|Location||Monmouth County, New Jersey|
|Primary inflows||Wreck Pond Brook, Hurleys Pond Brook, Hannabrand Brook|
|Basin countries||United States|
|Surface area||73 acres|
Wreck Pond is a coastal tidal pond located on the coast of the Atlantic Ocean in Monmouth County, New Jersey, United States. It is surrounded by Wall Township and the boroughs of Spring Lake, Spring Lake Heights, and Sea Girt. The pond was originally connected to the sea by a small inlet and got its name because sailors would mistake it, in the dark, for the Manasquan Inlet, which is further south. This was alleviated by the building of the Sea Girt Lighthouse and stopped by the eventual filling in of the inlet.
The pond is the center of the Wreck Pond Watershed, which covers about 12 square miles (31 km2) in eastern Monmouth County. Its primary feeder streams are Wreck Pond Brook, Hurleys Pond Brook and Hannabrand Brook. Other bodies of water in the watershed include: Hurleys Pond, Osbornes Pond, Albert Pond and Old Mill Pond. It emptied into the Atlantic Ocean through an outfall pipe which regulates the tidal flow in and out of the pond. After Hurricane Sandy, it was discovered that the ocean had restored a natural inlet.
Some of the acres of land surrounding Wreck Pond are under public ownership and are protected from development. Other lands are considered freshwater wetlands and are protected from development by federal and New Jersey laws and regulations. The watershed is part of the South Coast Subwatershed Management Region.
The pond depth has decreased substantially over several years as sediments carried by feeder creeks and increased storm water runoff have settled into it. This has also caused the pond to become choked with fecal coliform bacteria. Much water flowing into the pond from storms causes the pond to flush into the Atlantic Ocean. This, in turn, often causes the closure of ocean beaches in Sea Girt and Spring Lake.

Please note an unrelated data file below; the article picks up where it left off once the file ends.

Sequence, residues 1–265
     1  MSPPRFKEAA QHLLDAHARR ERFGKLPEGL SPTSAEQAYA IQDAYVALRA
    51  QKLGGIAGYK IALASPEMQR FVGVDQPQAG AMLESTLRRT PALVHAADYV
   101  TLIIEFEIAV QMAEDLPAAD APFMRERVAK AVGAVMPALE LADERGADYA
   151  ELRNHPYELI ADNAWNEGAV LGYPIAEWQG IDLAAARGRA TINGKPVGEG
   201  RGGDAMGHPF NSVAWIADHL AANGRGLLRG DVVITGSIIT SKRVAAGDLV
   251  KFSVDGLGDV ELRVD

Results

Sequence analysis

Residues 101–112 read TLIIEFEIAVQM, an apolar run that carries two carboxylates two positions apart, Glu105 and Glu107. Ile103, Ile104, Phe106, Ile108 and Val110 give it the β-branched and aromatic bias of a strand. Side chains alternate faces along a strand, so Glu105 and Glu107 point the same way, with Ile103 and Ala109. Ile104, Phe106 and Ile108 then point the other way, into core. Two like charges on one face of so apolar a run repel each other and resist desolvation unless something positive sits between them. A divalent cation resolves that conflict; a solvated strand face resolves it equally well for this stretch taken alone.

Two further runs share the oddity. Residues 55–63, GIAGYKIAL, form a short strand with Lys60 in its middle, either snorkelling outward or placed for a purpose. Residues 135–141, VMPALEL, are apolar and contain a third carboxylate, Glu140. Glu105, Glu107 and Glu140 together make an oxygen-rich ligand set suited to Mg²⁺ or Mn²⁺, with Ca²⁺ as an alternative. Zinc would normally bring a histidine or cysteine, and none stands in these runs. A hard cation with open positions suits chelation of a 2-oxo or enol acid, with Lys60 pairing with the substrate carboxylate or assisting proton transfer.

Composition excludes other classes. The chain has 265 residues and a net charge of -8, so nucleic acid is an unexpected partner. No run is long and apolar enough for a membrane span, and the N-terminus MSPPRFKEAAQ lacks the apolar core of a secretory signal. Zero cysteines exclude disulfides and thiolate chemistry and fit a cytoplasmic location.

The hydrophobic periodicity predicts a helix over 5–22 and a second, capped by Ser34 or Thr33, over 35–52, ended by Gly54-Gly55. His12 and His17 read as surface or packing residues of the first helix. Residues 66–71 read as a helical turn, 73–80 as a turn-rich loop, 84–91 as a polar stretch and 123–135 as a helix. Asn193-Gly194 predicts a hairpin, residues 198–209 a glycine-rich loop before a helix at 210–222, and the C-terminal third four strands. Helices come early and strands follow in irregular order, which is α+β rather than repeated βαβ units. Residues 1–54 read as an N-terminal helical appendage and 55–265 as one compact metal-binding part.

The source of the coliform contamination is debated. A recent study conducted by Prof. John Tiedemann of Monmouth University tracked the source of bacterial contaminents in the Wreck Pond Watershed. Tiedemann's group set up and monitored 12 stations throughout the watershed for a period of approximately two years. In this time, they determined that the major source of bacterial coliform contaminents is human waste. These contaminents may be introduced into the waterways via aging sewers, improperly capped septic systems, and illegal sewer connections. Recommendations are being prepared for distribution to municipalities throughout the watershed to assist the governing bodies in remediating problems within their jurisdictions.
The New Jersey Department of Environmental Protection funded a partial dredging of Wreck Pond and the extension of the storm water runoff pipe about 100 yards (91 m) farther into the ocean. While it was hoped this would prevent pollution from affecting beaches in neighboring towns, it has been determined that the effluvium from the pipe still washes up on local beaches. Additionally, Monmouth County has mandated that after a rainfall of 1/4" or more, the beaches are automatically closed.
The Wreck Pond Watershed Preservation Association, a group of local residents, environmental activists and government officials interested in preserving Wreck Pond, meets frequently to discuss issues with preserving the area.